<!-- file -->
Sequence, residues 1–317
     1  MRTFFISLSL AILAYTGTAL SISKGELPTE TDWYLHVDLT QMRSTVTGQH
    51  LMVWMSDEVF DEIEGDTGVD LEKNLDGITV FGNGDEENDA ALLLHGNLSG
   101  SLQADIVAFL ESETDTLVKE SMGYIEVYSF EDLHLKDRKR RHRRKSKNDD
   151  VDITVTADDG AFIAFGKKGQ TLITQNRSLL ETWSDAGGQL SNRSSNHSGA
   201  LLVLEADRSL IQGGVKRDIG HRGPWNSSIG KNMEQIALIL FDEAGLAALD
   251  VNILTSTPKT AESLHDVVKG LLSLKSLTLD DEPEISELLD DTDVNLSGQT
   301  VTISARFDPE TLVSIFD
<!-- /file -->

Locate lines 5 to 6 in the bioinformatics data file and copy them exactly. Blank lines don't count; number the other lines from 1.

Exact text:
   151  VDITVTADDG AFIAFGKKGQ TLITQNRSLL ETWSDAGGQL SNRSSNHSGA
   201  LLVLEADRSL IQGGVKRDIG HRGPWNSSIG KNMEQIALIL FDEAGLAALD